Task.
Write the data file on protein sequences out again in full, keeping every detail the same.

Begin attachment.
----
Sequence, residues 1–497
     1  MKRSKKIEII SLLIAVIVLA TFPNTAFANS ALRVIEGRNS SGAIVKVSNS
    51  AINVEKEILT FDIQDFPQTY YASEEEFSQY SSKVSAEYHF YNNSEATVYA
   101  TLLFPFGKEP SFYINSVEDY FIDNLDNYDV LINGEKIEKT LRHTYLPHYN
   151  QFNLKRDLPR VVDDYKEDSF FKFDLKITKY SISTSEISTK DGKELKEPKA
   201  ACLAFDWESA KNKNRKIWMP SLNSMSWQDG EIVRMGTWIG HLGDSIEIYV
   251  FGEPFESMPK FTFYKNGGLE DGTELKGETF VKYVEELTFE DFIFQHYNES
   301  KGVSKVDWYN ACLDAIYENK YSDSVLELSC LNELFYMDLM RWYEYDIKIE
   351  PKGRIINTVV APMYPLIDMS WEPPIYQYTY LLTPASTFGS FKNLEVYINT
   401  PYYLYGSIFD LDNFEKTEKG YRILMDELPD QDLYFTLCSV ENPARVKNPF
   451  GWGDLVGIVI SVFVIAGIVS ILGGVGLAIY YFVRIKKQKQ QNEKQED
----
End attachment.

Sequence, residues 1–497
     1  MKRSKKIEII SLLIAVIVLA TFPNTAFANS ALRVIEGRNS SGAIVKVSNS
    51  AINVEKEILT FDIQDFPQTY YASEEEFSQY SSKVSAEYHF YNNSEATVYA
   101  TLLFPFGKEP SFYINSVEDY FIDNLDNYDV LINGEKIEKT LRHTYLPHYN
   151  QFNLKRDLPR VVDDYKEDSF FKFDLKITKY SISTSEISTK DGKELKEPKA
   201  ACLAFDWESA KNKNRKIWMP SLNSMSWQDG EIVRMGTWIG HLGDSIEIYV
   251  FGEPFESMPK FTFYKNGGLE DGTELKGETF VKYVEELTFE DFIFQHYNES
   301  KGVSKVDWYN ACLDAIYENK YSDSVLELSC LNELFYMDLM RWYEYDIKIE
   351  PKGRIINTVV APMYPLIDMS WEPPIYQYTY LLTPASTFGS FKNLEVYINT
   401  PYYLYGSIFD LDNFEKTEKG YRILMDELPD QDLYFTLCSV ENPARVKNPF
   451  GWGDLVGIVI SVFVIAGIVS ILGGVGLAIY YFVRIKKQKQ QNEKQED